For a ‘block of alliance’ to become, a minority needs to enter into assemblage intra-action with a majority. DG insist that becoming is ‘asymmetrical’ (1987: 278) because it proceeds by ‘advance’ or ‘flirtation’ (Barad, 2015). A lichen cannot become-rock of its own. If and when lichen and rock constitute a zone of in/determinacy, “a proximity, an indiscernibility” (DG, 1987: 279), a possibility of lichen-rock assemblage can actualise. But it is not a lichen that is becoming-rock, or the other way around. At that point of intra-action, we cannot talk about lichen and rock anymore. All becoming is becoming-multitude, all assembling agencies become-other. (In fact, there are only multiplicities/assemblages to ‘begin’ with. Rock is never only a ‘rock’ but partakes in a number of assemblages, and is embedded within a multitude of real possibilities to become-other.)5
Because of the conversational or polyvocal quality of becoming, a praxis of becoming is different from ethics, which is grounded in subjectivity. Becoming is a plural ethico-polytics of response-ability between differences. The meaning of assemblage is a ‘simultaneous movement’ of a multitude in a ‘shared conversation’. Shared conversation, however, is not made of answers and responses. Assemblages are ‘dispersed’ ‘summonings’ and situated response-abilities (Górska, 2016; Dolphijn, 2015). In the zones of situated approximation, a becoming, a symbiosis can happen. Ecology is not the dominion over a household, it is a polymorphous conversation in an expansive topological neighbourhood across species, families, kingdoms.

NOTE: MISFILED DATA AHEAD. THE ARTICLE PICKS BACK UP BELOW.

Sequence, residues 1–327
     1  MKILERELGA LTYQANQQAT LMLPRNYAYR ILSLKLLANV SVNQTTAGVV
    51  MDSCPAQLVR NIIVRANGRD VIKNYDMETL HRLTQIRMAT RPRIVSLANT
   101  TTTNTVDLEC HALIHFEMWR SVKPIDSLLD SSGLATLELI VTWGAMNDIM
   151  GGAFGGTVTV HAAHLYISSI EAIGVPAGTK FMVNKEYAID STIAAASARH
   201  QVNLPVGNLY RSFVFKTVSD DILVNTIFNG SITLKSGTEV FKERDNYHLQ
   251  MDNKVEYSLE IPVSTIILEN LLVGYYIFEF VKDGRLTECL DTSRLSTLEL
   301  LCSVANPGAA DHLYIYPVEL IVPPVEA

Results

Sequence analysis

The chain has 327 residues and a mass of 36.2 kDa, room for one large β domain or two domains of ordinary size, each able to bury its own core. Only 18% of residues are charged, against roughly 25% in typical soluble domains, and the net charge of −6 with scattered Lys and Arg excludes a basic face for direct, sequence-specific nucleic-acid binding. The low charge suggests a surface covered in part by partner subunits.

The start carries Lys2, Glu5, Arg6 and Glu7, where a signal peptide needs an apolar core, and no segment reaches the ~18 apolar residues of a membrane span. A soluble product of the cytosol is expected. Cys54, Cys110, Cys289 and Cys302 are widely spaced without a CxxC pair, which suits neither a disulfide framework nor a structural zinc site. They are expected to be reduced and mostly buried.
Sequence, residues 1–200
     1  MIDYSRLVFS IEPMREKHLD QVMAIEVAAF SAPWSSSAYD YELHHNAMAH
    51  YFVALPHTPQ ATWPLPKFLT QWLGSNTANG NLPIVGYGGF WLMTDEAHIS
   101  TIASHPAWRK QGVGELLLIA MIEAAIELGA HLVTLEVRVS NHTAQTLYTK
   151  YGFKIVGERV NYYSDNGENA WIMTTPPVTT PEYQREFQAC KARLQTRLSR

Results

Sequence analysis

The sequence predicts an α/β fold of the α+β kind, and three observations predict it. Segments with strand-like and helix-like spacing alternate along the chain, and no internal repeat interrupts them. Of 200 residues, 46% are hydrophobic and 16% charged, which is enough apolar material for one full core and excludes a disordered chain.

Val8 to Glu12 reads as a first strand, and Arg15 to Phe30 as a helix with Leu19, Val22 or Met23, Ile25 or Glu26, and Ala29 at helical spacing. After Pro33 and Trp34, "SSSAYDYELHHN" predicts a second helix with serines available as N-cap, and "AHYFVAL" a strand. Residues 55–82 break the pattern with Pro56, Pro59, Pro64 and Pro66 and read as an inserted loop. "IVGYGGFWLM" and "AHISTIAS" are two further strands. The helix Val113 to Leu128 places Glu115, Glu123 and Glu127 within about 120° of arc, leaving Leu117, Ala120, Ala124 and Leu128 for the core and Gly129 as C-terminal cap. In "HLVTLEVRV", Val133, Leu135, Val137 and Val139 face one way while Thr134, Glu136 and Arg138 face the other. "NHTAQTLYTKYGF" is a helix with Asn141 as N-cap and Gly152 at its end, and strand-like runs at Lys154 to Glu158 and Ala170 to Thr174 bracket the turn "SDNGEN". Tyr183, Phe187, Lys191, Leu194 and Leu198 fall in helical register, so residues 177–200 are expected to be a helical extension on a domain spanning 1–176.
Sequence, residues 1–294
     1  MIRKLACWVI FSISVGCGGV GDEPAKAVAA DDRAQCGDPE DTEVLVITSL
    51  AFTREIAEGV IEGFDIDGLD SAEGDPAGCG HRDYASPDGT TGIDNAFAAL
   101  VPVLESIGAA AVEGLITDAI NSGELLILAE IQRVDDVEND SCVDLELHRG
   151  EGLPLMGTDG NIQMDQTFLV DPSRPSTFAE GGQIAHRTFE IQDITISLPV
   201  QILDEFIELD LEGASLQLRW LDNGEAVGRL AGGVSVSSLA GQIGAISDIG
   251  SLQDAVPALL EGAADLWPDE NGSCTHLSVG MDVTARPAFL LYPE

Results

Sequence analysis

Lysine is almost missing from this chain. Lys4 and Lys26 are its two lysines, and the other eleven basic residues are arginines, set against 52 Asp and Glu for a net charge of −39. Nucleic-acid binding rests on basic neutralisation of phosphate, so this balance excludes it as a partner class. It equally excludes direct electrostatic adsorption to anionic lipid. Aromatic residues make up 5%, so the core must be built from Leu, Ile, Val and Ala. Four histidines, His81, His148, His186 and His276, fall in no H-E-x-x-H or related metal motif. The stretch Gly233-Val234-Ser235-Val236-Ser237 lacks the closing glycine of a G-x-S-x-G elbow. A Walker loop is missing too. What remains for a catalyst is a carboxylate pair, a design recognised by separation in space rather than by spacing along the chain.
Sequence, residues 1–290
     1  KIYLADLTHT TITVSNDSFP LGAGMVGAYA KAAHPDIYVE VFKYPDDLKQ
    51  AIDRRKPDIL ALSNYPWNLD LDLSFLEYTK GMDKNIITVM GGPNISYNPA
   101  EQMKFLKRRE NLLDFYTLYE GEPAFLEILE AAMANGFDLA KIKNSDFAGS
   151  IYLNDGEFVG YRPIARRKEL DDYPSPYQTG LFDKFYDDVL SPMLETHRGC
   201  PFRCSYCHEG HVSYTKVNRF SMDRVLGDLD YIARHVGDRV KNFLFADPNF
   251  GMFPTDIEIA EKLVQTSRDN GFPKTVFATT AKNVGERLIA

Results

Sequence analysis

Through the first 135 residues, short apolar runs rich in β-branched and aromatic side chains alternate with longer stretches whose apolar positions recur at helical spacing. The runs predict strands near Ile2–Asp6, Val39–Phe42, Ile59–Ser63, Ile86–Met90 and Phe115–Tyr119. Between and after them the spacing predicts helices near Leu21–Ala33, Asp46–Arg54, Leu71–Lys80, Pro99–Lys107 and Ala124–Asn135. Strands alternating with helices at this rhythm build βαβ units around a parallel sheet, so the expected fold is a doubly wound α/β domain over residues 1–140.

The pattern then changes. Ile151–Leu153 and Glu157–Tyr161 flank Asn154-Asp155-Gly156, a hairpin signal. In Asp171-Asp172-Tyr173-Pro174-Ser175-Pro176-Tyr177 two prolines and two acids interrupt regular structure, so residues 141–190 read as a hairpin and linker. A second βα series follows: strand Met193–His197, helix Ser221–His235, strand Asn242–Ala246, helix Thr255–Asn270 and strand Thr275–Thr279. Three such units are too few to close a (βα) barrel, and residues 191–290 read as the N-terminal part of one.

Becoming-minor is an enactment of a collective leaving (deterritorialisation) of power positions previously held in an apparatus of capture. Becoming-minor from the perspective of a modern apparatus can thus be understood as a (quantum) leap from identity to multitude, “a diffraction/dispersion of identity” (Barad, 2012b: 47), or a ‘situated-dispersal’ of power-knowledge (Górska, 2016). From quantum physics emerges that when an electron leaps from a higher to a lower energetic level in an atom (when it becomes-minor), it fires a photon, it disperses a tiny lightning bolt (Barad, 2012c: 40). A quantum leap is a dis/continuous jump—it cannot be determined when the photon is fired, before, after or during the jump—there is no ‘here-now’ and ‘then-there’ (. The particle and the zone of proximity (fields) come together in the in/determinate performance of the leap (ibid.). A quantum leap is a rupture in the determinacy of the atomic apparatus, but it is a suture that enacts another continuity, that of possibilities, of a world that is becoming. Quantum field theory reveals the polity of the matter, a “political physics” (Kirby, 2011), because it shows that justice is always already engrained in the dynamics of spacetimemmatering.